Efficacy of Platelet-Rich Plasma in Pain and Self-Report Function in Knee Osteoarthritis: A Best-Evidence Synthesis

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The aim of this study was to assess the efficacy of platelet-rich plasma (PRP) in pain and self-report function of patients with knee osteoarthritis on the basis of comparisons with hyaluronic acid or placebo.


Best-evidence synthesis of randomized controlled trials (RCTs) was conducted. Literature retrieval was limited to RCTs assessing the efficacy of PRP in knee osteoarthritis. Methodology evaluation and data extraction were based on Cochrane Collaboration guidelines. Meta-analyses were performed using mean difference or standardized mean difference as effect size.


Ten RCTs were included and analyzed. Meta-analysis showed significant superiority of PRP in outcome scores when compared with hyaluronic acid (standardized mean difference = −0.85, P = 0.004, I2 = 93%), but no statistical difference was found in well-designed double-blind trials (standardized mean difference = −0.09, P = 0.38, I2 = 0%). Pooled standardized mean difference of trials comparing PRP with placebo directly was −2.13 (95% confidence interval = −3.29 to −0.98), and that of indirect comparison was −0.22 (95% confidence interval = −0.45 to −0.01).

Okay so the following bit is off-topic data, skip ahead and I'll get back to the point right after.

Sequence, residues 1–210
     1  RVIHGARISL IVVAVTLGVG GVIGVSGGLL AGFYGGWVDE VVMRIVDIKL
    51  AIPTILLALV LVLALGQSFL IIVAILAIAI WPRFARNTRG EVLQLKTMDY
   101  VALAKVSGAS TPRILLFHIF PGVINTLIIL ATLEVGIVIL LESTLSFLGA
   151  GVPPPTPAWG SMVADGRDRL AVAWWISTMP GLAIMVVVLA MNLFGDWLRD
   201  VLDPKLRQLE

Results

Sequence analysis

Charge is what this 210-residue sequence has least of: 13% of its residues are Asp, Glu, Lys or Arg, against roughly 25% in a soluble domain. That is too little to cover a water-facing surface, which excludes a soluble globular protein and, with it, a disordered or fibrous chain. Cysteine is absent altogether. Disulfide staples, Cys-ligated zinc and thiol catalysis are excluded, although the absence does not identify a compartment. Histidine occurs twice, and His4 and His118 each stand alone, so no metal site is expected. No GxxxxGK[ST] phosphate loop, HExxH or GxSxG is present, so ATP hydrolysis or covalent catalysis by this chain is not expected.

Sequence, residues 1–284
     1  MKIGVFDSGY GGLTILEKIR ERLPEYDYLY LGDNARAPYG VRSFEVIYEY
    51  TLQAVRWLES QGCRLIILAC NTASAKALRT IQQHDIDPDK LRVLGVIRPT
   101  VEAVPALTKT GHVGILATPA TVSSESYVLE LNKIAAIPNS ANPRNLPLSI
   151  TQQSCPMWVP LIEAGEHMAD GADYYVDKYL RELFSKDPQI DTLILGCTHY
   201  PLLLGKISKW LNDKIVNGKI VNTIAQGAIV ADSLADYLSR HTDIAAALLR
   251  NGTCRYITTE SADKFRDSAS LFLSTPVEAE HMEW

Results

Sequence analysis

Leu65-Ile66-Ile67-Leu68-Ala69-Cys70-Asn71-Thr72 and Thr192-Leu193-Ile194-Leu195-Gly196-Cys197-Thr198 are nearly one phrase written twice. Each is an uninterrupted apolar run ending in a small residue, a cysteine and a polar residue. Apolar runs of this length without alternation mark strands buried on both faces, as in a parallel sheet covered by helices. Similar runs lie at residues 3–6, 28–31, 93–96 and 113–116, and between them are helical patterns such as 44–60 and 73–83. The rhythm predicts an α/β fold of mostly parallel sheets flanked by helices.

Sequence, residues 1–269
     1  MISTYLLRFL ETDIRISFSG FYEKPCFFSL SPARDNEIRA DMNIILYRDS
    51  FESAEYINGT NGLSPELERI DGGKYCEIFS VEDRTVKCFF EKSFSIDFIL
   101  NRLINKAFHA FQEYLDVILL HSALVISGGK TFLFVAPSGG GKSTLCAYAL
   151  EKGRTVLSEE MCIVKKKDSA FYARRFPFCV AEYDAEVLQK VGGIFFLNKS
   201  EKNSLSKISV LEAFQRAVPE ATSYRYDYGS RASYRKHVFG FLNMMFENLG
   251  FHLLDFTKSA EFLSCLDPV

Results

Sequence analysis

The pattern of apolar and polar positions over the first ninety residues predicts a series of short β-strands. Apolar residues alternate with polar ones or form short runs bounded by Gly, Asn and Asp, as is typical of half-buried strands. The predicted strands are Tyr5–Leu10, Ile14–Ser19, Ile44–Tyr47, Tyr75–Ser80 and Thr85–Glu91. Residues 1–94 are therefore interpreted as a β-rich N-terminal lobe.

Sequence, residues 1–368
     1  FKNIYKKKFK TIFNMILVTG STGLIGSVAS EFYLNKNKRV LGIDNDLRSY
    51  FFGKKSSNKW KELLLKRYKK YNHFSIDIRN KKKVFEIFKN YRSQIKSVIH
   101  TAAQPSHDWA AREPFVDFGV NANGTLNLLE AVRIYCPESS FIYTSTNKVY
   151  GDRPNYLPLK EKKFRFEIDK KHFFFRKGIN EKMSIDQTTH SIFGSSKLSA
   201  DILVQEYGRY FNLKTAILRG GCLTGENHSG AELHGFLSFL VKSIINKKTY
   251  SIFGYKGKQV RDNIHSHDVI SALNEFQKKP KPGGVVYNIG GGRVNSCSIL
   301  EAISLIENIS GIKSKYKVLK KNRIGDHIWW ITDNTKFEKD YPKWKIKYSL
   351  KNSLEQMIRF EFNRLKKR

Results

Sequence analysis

In relieving pain and improving self-report function, PRP showed no superiority over hyaluronic acid in well-designed double-blind trials, and beneficial effects of PRP in most trials probably resulted from insufficient blinding methods. However, PRP is still considered more effective than placebo on the basis of present evidence.

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